NASA recently released a new animation of MODIS satellite imagery of the Arctic from the past 15 years, as seen below. As you watch the video there are some very noticeable changes, primarily the melting and lack of ice compared to the beginning of the loop, which marks 2003. In addition, you may also notice the decreasing snow cover. Keep in mind that due to the complete darkness in the Arctic during the winter months, the animation skips over these months because there’s nothing to view.
“Look, for instance, at mid-August and September 2012 — the period when Arctic sea ice extent hit a record-low minimum of 3.4 million square miles. Between the heavy cloud cover, you will see lots of dark open water. Compare that to the same period in 2003, when the minimum extent was 6.2 million square miles. Scientists attribute the loss of sea ice to global warming,” according to NASA scientist, Adam Voiland.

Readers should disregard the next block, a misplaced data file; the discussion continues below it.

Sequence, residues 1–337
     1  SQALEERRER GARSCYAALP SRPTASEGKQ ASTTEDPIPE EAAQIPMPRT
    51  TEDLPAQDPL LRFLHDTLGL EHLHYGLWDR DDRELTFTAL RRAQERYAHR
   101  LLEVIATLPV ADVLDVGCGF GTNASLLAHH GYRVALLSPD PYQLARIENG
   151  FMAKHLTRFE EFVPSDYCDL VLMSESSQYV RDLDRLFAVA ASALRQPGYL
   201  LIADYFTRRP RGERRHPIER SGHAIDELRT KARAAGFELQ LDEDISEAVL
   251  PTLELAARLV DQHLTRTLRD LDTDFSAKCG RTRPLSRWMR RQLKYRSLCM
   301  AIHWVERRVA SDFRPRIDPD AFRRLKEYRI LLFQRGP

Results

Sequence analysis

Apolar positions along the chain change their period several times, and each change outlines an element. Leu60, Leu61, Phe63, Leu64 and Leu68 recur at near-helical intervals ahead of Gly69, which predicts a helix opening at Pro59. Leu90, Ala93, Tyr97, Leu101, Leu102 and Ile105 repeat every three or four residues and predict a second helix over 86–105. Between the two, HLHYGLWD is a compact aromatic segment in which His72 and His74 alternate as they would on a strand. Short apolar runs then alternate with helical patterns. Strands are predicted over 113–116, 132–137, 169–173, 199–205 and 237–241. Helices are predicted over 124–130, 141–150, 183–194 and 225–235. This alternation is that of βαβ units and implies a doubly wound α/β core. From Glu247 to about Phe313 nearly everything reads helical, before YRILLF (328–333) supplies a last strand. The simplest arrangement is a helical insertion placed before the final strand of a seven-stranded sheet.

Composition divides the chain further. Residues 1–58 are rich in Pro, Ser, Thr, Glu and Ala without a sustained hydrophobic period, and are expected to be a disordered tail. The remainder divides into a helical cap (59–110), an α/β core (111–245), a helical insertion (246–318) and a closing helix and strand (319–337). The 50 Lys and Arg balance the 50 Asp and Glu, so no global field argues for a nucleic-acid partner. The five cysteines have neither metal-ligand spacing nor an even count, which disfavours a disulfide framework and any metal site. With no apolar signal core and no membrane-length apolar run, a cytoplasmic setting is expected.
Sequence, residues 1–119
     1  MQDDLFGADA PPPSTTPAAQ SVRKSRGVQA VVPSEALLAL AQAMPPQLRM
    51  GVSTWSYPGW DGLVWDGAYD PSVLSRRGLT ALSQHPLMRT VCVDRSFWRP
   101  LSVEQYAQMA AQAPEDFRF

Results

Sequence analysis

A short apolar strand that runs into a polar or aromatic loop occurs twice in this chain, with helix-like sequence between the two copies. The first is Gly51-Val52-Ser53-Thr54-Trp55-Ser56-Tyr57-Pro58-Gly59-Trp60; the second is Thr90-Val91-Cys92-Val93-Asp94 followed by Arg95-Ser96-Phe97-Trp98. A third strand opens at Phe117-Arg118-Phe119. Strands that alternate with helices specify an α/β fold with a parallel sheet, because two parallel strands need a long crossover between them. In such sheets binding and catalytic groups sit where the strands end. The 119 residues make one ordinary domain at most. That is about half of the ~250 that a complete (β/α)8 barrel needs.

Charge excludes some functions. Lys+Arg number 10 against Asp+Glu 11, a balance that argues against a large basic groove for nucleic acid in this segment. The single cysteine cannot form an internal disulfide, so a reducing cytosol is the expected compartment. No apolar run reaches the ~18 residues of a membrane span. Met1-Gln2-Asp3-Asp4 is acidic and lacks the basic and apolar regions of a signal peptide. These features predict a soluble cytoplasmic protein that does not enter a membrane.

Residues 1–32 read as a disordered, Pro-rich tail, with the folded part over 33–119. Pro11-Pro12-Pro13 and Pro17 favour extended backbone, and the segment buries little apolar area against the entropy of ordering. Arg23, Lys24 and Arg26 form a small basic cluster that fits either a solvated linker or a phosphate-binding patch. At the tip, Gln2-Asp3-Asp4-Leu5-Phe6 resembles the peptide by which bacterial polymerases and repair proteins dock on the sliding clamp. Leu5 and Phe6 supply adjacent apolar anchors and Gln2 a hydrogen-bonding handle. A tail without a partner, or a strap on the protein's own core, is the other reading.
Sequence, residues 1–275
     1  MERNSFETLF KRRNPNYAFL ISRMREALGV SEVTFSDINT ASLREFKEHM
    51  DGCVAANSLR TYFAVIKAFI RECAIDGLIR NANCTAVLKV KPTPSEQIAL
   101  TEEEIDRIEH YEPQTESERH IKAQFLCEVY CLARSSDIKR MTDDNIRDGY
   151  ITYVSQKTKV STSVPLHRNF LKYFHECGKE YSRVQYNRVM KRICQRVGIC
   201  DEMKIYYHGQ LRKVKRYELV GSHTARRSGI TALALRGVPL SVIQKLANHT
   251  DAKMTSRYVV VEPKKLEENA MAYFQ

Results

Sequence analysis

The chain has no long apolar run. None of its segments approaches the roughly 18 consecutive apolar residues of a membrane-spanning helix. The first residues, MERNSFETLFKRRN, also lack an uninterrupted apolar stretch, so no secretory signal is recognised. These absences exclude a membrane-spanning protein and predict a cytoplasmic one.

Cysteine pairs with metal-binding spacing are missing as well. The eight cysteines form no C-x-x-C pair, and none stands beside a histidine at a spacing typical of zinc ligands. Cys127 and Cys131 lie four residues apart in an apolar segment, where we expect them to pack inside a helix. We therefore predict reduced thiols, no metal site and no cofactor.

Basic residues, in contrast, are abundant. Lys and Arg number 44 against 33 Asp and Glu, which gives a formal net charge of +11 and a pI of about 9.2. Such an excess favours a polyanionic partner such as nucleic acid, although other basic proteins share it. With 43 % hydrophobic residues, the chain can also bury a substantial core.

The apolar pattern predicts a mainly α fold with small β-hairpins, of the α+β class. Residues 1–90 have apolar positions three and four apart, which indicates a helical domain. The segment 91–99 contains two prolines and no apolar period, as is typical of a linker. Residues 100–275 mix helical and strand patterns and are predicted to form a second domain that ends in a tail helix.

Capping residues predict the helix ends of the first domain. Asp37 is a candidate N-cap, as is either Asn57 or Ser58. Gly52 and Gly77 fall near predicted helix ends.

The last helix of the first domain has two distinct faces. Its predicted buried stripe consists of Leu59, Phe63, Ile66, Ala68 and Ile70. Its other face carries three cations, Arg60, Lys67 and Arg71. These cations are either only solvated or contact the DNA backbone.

The animation in the chart below graphically portrays how the Arctic sea ice extent has lessened over the past several decades. It begins with the year 1979 and graphs the sea ice extent through 2016, the year in which the record lowest sea ice extent for October and November occurred. Additionally, 2012 featured the all-time record lowest sea ice extent in the Arctic.
Based on actual data, climate change can be attributed to these drastic changes in sea ice. The rising ocean temperature is the main reason for these changes, which slows or prevents the formation of ice. Warmer air temperatures also play a role, however the sea surface temperature has an affect on the air temperature as well. According to Walt Meier, a sea ice scientist at NASA’s Goddard Space Flight Center, “in addition to bringing in warm air, the winds have helped keep the ice edge from pushing southward. There may also be an effect of the winds pulling in warmer ocean waters from the south.”